Fact or Fiction: Auto shops more likely to overcharge women?

Fact or Fiction: Auto shops more likely to overcharge women?

Amarillo, TX - It's no secret getting work done on your car could cost you a few bucks more than you would like, but could that same work end up costing a woman more than it would a man.

It's an idea pushed by people, society and even the media.

So NewsChannel 10 decided to tackle this myth, to either confirm or debunk it. We mic'd up one of our own male photographers and sent him into multiple auto repair shops in Amarillo in an unmarked car asking for a basic road trip inspection. For the most part, the car came out squeaky clean. A few places charged him a fee just to do the check, and only one location made a point to mention that the brake pads on the car might need to be replaced soon. But the oil was good, and filters were good.

We wanted at least one un-biased look at the car, so we took it to a local dealership and told them we were doing this story. They gave it a once over and also found the brake pads were wearing down, but wouldn't need to be bothered for another 5,000 - 10,000 miles. Everything else looked great. It was after that check, we tried the same experiment again, but this time with a female.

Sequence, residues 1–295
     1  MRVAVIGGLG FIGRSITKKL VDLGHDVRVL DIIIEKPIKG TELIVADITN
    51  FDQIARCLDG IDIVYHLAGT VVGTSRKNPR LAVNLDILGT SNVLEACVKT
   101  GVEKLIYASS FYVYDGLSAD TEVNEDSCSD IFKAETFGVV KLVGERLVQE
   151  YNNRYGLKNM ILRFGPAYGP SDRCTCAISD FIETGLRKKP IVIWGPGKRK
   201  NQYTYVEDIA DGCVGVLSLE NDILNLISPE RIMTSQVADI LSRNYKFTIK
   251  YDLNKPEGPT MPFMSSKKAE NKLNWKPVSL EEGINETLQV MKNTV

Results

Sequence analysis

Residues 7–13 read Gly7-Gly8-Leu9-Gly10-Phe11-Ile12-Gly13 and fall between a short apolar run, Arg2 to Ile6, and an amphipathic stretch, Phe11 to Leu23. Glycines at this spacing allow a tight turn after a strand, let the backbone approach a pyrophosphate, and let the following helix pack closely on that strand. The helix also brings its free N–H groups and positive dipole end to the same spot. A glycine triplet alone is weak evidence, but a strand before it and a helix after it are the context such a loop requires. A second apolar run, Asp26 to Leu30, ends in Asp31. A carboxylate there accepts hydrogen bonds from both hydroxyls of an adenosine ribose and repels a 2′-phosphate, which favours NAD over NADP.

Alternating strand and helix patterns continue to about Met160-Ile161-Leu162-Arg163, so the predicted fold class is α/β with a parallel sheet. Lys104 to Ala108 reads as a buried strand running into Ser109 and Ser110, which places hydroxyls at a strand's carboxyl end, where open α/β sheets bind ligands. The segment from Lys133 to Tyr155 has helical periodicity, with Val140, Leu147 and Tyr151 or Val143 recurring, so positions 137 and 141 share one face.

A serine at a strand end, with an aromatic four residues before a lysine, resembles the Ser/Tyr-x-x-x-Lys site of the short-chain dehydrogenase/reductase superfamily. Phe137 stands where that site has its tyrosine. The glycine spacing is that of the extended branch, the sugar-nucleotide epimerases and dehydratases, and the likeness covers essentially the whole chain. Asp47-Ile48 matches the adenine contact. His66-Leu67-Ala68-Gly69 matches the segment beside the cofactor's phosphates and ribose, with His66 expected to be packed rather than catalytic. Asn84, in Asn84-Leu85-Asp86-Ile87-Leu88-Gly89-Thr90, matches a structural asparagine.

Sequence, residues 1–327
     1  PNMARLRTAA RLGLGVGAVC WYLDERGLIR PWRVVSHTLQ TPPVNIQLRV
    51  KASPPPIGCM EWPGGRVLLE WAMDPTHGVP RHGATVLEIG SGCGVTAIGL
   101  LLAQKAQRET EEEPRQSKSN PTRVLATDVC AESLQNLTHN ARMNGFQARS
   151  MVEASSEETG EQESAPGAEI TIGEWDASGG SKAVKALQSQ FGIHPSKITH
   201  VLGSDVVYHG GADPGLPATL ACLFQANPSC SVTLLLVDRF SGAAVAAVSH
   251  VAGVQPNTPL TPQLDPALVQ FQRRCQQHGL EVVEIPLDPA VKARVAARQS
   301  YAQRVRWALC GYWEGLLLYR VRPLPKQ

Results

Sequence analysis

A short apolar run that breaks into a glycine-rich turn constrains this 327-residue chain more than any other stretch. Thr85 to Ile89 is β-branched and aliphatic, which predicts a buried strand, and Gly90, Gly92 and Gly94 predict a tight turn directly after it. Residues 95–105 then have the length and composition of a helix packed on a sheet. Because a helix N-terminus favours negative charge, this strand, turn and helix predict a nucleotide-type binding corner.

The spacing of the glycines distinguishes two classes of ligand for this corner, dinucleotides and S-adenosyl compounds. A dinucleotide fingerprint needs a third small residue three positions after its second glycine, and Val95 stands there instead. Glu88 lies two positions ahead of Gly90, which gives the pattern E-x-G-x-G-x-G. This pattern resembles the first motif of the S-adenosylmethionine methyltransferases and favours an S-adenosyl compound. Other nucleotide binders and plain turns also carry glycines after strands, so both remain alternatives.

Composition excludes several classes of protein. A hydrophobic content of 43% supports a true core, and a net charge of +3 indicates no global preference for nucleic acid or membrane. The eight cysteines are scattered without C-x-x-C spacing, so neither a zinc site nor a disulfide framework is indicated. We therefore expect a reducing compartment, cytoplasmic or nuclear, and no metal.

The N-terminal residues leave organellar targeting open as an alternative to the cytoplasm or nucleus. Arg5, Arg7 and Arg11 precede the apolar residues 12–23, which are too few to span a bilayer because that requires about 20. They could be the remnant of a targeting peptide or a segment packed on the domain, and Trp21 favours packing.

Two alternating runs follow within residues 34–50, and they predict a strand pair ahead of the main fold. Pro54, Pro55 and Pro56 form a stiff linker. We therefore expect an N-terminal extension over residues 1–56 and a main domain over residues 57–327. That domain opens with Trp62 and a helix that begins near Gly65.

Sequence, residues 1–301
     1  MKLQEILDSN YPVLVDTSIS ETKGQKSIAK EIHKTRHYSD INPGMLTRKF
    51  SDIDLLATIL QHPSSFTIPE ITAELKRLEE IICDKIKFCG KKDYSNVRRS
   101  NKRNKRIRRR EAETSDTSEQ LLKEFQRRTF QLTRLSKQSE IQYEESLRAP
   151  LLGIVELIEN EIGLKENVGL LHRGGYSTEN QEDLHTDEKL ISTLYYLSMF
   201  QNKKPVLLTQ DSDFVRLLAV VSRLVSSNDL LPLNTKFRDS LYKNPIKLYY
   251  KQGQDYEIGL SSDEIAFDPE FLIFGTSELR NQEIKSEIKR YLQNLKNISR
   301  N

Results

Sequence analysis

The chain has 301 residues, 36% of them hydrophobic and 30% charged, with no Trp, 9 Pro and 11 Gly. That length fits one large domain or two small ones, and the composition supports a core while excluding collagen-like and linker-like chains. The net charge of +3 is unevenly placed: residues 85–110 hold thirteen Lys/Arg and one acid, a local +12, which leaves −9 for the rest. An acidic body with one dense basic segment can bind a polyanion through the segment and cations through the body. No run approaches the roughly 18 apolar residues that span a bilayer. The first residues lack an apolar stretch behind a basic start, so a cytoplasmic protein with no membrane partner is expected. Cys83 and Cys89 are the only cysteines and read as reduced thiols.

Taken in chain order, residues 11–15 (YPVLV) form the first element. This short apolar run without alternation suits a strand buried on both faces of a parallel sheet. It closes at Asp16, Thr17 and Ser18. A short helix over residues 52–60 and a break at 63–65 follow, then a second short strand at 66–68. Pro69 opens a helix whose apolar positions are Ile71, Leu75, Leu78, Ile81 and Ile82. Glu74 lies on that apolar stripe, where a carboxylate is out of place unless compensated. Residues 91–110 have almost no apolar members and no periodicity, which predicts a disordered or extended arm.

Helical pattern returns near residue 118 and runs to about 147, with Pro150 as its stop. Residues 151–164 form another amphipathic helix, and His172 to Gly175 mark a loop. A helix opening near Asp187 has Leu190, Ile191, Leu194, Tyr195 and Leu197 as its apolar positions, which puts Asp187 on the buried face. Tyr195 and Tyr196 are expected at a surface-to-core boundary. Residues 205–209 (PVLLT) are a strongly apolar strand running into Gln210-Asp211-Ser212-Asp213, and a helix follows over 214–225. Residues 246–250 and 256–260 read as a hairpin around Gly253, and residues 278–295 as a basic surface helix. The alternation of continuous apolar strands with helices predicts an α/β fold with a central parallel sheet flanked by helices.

Then, we followed the same process with one of NewsChannel 10's female photographers and sent her back to the same shops with the same car. She wasn't charged more for the basic check, but she was offered a more expensive oil change for about $60. In another shop, she was encouraged to get a new air induction filter to help with gas mileage and was told she'd soon need a part replacement that could cost anywhere from $600 to $800. Lastly, she was given the same verdict as the male photographer: the car was in good shape. But none of the mechanics the female talked to mentioned work on the brake pads at all.

So, what was the verdict? Hard to tell with such a small experiment of our own. In some cases, she was pushed additional services, but overall wasn't charged more for the inspections nor did she actually have to get any work done that day.

Hundreds of viewers also weighed in on this topic through an online poll on the NewsChannel 10 website. Of those polled, 62 percent believe women still have a harder time than men when it comes to auto repairs. Only two percent believe the whole idea is a myth, but a third group making up 36 percent said they felt it was less about your gender and more about your knowledge of the car.

Turns out, the third group is actually right. Research in recent years has shown it's more about being an informed consumer when it comes to how much your charged.

"Once you're using the right words of you start the technicians in the right area, they tend to assume you know more so you'll probably get a better deal," explained Paula Schlegel, a professor of Gender Communications for West Texas A&M University.

So whether it's a myth or not, when armed with knowledge, both men and men have a better chance at saving themselves from being stereotyped and maybe save a few bucks while they're at it.